The Immune System and Stress: How Are They Related?

08 May, 2020
It wasn't until 1981 that the discipline of psychoneuroimmunology was formalized. Thanks to Robert Ader and his experiments, we now know that there's a relationship between stress and the immune system.
 

Many experts have conducted studies on the relationship between the immune system and stress. Several of them have proven that stressful situations affect human defenses. However, how exactly does this happen?

Stress is usually associated with a disease state. Nonetheless, it refers to a human reaction to threatening situations or excessive demand. In a way, stress is at the service of the subject’s survival (and of the entire species, for that matter).

Stress and the immune system

Human beings are subjected to constant changes in their daily life. Said changes can, undoubtedly, take a toll on them. Issues such as financial difficulties, work demands, or negative life events (either past or present) can make the body suffer. Now, these reactions are quite detrimental to the individual’s health if they prolong. This is known as distress, and it can trigger health problems when it becomes severe.

On the contrary, when an individual generates well-controlled and effective responses that allow them to adapt well, we’re talking about eustress.

A man with his hands on his face.

So how can the body respond to these demands? We previously mentioned how stress-related responses occur. Different systems intervene in it, in a systemic and complex relationship. This network is formed by the interaction between the psyche and the nervous, endocrine, and immune systems. In the end, it results in some sort of joint combination of all of them.

 

The history of psychoneuroimmunology

In the year 1981, scientist Robert Ader introduced the term psychoneuroimmunology for the first time in history. He defined it as the scientific discipline that studies the interaction between behavior, neural and endocrine functions, and immune processes.

Prior to this definition, there was a classical conception of the immune system. Basically, people considered it to be a self-regulatory and autonomous defense system. In the 1920s, Russian investigators began to conduct studies on the classical conditioning of immune responses. A little later, in the 1950s, Rasmussen and his collaborators formed the first research team on stress and infectious diseases.

However, in the 1970s, John Hadden intuited that there was, in fact, a relationship between stress and the immune system. More specifically, he was interested in learning about the association between the sympathetic nervous system and the immune system.

Ader’s experiments

In 1981, Robert Ader presented his first manual and, alongside it, the beginning of psychoneuroimmunology as a discipline. In his experiments with rodents, he studied taste aversion using classical conditioning. When he was working on his experiments, he conducted previous training phases. In them, he treated control groups with placebos and experimental groups with cyclophosphamide.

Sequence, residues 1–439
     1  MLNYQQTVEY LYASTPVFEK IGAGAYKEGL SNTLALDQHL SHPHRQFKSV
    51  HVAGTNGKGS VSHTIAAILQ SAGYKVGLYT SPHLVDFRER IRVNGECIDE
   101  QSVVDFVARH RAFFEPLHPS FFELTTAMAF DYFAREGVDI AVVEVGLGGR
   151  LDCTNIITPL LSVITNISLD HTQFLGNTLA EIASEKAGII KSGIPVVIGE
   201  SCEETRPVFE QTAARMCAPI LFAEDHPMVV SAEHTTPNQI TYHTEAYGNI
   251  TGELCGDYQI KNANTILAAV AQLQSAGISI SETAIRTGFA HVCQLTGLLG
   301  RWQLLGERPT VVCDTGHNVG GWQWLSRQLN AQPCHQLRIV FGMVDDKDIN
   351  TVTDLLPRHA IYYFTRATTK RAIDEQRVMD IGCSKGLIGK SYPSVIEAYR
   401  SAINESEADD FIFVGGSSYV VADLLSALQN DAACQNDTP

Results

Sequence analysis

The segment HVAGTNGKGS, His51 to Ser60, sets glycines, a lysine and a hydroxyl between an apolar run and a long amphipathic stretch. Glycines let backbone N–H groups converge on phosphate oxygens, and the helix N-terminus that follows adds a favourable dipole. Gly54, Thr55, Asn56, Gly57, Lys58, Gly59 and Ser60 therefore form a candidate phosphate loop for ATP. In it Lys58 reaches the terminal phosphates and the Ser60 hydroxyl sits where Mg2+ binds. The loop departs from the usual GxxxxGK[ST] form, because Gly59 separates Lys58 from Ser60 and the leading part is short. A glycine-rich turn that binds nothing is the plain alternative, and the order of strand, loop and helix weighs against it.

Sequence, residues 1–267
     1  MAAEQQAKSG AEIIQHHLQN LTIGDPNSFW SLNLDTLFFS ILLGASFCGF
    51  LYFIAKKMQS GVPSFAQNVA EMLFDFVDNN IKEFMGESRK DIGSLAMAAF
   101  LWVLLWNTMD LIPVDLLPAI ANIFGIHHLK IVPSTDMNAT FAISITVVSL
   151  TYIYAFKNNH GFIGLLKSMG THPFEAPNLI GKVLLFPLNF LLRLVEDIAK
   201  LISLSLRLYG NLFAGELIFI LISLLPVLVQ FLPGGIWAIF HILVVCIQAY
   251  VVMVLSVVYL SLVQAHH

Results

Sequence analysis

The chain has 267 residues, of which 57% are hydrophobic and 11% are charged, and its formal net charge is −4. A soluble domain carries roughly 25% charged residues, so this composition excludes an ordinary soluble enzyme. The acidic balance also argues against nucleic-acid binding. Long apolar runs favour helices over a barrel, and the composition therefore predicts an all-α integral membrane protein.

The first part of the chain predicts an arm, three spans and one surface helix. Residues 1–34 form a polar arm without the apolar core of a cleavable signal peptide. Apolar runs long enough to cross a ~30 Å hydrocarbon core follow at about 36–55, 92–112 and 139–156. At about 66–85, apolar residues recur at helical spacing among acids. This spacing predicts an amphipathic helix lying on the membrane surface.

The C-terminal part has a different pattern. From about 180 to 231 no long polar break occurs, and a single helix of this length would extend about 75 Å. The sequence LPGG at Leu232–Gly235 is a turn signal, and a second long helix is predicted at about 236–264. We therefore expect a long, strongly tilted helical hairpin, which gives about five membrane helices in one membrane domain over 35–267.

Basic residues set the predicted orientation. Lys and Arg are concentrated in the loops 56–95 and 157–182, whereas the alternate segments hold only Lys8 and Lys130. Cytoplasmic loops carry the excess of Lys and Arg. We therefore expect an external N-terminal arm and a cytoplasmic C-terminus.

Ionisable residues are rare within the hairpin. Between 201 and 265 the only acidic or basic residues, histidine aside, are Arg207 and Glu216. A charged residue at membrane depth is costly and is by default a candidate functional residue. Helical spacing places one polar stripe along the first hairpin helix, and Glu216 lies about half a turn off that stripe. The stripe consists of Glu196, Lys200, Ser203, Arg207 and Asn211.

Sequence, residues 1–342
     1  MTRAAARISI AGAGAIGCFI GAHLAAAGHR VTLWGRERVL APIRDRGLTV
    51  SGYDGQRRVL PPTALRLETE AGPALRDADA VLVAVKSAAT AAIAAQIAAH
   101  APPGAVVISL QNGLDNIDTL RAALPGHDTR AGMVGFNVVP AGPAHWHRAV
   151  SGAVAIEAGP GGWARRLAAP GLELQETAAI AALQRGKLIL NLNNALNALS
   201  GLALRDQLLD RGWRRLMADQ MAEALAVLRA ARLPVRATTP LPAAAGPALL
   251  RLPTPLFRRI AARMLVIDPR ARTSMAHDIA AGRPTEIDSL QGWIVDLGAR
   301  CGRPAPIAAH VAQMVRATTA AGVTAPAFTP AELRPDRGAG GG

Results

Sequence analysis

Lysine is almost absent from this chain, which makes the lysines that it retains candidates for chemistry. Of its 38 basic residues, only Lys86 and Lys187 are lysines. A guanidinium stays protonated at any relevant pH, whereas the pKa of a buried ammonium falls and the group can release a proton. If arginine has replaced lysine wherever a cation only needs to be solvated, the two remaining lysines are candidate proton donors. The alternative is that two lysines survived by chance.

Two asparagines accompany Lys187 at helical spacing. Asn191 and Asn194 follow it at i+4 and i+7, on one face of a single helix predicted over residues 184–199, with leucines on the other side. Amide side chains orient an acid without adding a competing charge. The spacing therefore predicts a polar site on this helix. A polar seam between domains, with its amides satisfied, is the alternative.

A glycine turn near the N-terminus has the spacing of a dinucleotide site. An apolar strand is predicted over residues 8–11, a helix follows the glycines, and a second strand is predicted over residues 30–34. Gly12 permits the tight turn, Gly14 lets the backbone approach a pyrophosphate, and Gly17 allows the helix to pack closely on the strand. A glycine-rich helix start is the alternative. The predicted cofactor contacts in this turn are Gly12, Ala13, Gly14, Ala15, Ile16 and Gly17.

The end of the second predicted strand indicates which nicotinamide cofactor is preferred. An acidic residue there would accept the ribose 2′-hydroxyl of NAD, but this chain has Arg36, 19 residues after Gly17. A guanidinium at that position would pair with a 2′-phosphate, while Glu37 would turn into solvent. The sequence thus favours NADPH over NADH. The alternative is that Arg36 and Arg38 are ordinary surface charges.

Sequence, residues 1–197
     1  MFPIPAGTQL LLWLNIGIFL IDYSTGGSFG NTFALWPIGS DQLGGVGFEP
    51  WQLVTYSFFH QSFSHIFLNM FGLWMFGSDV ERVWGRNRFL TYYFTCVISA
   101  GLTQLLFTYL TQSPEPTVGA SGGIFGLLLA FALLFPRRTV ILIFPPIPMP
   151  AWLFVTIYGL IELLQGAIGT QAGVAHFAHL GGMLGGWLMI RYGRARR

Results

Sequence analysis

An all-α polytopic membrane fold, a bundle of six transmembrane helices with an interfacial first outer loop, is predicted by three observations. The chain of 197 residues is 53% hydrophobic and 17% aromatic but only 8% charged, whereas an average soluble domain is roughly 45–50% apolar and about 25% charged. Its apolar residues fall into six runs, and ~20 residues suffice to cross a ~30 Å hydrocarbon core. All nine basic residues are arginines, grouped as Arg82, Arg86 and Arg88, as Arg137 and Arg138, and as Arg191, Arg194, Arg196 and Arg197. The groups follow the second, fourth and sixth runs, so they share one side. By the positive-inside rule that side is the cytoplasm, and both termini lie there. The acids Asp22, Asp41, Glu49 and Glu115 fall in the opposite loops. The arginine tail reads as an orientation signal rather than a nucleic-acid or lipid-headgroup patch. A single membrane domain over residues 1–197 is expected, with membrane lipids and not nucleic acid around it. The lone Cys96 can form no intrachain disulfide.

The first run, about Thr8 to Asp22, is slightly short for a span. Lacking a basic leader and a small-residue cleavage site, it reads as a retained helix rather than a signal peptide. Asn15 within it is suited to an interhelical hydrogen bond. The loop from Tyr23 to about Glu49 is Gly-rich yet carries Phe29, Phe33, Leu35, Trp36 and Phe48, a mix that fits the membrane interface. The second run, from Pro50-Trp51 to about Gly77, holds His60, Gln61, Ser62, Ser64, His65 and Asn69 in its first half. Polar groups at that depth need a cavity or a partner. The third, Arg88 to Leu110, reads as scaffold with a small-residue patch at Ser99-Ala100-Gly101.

There was no abnormal response in the first group. However, the experimental group presented symptoms such as nausea and immunosuppression. In the second phase, he administered saccharin to both groups. As a result, the control group still didn’t produce any abnormal response, while the experimental group presented aversive gustatory conditioning and immunosuppression.

 

Other authors, such as George Solomon, also delved deep into the world of psychoneuroimmunology. Solomon focused on researching autoimmunity and psychological well-being. However, unlike Ader, Solomon didn’t continue his studies. As a consequence, his findings didn’t become well-known. Besedovsky was another author who became interested in immune system relations. He considered it a sensory organ.

A man fighting bacteria and protecting his immune system.

The current definition of psychoneuroimmunology

Currently, researchers consider the communication between the immune system and the brain to be bi-directional. In other words, the changes that occur in the immune system are an explanatory mechanism by which psychosocial factors influence health and disease.

The human species is under constant threat from a large number of pathogens. In this sense, the tasks of the immune system are to:

  • Quickly recognize cell degeneration and prevent cancer development.
  • Guarantee the integrity of the body.

Thus, when faced with stress, the body reacts with a response that may or may not be adaptive. No one doubts that stress and the immune system are in constant communication. Although it might seem a bit crazy, to a large extent, this communication is instrumental to everyone’s quality of life.

 

“Most psychologists treat the mind as disembodied, a phenomenon with little or no connection to the physical body. Conversely, physicians treat the body with no regard to the mind or emotions. But the body and mind are not separate, and we cannot treat one without the other.”

-Dr. Candace Pert-

  • Valdés, M., & De Flores, T. (1985). Psicobiología del estrés. Barcelona: Martínez Roca, 2.
  • Ader, R. (2003), «Conditioned immunomodulation: research needs and directions», Brain, Behavior, and
    Immunity, 1, 51-57
  • Ader, R., & Cohen, N. (1981). The influence of conditioning on immune responses. In Psychoneuroimmunology (pp. 611-646).
  • Penfield, W., & Rasmussen, T. (1950). The cerebral cortex of man; a clinical study of localization of function.
  • Hadden, J. W., Hadden, E. M., & Middleton Jr, E. (1970). Lymphocyte blast transformation: I. Demonstration of adrenergic receptors in human peripheral lymphocytes. Cellular immunology, 1(6), 583-595.